The characters are each given their due, each with their turangawaewae. It's a great skill to have that sensitivity.The changes that happen to them interested me - for instance, when one of the children stays away after his precious poster is damaged beyond repair.
Sunday, 20 December 2009
The characters are each given their due, each with their turangawaewae. It's a great skill to have that sensitivity.The changes that happen to them interested me - for instance, when one of the children stays away after his precious poster is damaged beyond repair.
Monday, 14 December 2009
The book is very very good. I read it in one day and then went over it again, the same day. Two hundred pages, give or take, in a pleasing format, nice Garamond font, space between the lines, and a different, quite wonderful font for the title and the first letter of each chapter, and for the numbers of the pages and chapters: that font is not identified, a pity. It looks handwritten in the 19th century, maybe with a quill. Right for this book.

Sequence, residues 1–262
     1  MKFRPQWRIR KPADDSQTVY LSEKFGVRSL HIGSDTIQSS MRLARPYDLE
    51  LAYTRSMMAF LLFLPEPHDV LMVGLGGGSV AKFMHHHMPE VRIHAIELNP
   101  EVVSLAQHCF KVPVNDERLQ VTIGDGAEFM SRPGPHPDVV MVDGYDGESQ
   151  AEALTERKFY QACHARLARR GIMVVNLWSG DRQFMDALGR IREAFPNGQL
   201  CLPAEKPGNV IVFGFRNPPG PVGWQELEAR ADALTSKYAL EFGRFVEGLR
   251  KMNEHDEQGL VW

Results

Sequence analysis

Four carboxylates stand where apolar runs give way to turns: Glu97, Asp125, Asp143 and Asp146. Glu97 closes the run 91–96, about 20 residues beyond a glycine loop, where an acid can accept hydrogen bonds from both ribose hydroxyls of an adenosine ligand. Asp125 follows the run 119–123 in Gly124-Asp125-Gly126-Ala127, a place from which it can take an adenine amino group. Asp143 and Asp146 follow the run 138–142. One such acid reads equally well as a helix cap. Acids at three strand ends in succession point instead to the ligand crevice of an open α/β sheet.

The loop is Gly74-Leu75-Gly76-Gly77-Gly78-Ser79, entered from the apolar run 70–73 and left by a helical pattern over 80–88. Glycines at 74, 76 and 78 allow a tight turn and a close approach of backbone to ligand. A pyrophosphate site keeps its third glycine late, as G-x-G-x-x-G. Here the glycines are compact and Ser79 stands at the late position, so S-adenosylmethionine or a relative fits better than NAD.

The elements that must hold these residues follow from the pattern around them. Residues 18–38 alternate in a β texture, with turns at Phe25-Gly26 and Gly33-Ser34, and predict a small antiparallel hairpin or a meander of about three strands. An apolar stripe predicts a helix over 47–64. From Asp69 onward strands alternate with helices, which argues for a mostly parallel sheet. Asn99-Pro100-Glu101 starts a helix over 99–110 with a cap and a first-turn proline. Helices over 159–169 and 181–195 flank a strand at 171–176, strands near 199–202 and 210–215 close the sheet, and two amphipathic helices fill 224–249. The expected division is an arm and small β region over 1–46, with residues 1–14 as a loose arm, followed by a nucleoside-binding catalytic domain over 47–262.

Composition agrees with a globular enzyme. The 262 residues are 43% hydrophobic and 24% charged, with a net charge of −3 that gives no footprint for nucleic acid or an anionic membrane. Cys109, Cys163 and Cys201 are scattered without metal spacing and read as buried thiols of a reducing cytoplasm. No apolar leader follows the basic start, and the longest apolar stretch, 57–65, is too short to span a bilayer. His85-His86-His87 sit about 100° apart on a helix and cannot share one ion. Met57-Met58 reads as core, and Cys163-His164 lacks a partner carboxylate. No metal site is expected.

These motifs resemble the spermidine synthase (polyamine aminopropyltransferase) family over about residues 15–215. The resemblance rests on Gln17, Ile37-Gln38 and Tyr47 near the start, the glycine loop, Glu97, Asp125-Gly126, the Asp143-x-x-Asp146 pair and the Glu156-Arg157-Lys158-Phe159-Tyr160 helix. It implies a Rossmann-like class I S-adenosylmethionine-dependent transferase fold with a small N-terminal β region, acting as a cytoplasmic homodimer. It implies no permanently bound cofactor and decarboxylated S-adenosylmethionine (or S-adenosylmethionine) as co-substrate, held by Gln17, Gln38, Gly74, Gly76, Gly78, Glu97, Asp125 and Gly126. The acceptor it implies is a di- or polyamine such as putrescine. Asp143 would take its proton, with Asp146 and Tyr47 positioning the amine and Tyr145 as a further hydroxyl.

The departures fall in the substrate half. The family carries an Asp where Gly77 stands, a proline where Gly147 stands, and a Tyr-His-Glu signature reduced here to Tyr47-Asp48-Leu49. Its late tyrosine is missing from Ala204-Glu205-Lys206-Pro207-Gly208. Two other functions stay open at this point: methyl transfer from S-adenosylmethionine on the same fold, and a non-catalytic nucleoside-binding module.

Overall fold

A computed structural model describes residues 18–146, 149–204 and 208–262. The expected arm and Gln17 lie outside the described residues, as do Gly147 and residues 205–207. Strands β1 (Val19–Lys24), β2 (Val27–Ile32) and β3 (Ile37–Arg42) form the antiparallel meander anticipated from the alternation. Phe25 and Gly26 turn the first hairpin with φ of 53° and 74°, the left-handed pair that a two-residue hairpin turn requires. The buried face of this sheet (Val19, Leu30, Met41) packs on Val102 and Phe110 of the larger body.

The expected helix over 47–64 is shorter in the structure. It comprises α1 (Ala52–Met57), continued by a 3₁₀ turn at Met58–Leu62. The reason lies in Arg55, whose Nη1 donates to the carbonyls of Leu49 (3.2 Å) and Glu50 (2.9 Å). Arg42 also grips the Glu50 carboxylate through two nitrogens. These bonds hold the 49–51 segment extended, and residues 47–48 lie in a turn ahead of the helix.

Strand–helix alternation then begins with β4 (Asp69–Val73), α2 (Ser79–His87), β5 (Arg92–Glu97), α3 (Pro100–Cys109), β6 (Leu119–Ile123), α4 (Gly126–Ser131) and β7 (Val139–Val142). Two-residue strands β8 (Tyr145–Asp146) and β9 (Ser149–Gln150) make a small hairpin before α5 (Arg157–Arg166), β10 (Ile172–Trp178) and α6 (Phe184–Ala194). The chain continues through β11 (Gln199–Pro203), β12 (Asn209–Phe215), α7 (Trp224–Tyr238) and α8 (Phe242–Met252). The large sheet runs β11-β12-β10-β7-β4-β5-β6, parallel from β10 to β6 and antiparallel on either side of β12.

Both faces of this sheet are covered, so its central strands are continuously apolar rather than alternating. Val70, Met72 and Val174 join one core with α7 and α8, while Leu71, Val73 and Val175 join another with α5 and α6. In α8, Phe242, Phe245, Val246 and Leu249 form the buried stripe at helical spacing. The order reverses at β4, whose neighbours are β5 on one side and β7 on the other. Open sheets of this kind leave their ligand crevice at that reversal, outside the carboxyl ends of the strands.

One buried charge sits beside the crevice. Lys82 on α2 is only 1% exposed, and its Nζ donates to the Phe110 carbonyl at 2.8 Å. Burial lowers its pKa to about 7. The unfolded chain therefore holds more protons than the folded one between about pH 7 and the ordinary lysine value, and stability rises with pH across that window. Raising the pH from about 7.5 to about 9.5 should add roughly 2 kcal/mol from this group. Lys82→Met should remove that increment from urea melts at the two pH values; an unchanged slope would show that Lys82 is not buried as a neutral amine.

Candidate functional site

I know it is anathema to translate twice, but she has done it well. I did not feel that I was reading German or another foreign language. I did not sense a strange grammar underlying the text, needing to be overcome. The thought that this is a translation did not intrude. During the second reading, when the dreadful urgency I experience to know what happens to the characters has died down, I thought about it a little, having read a few reviews online.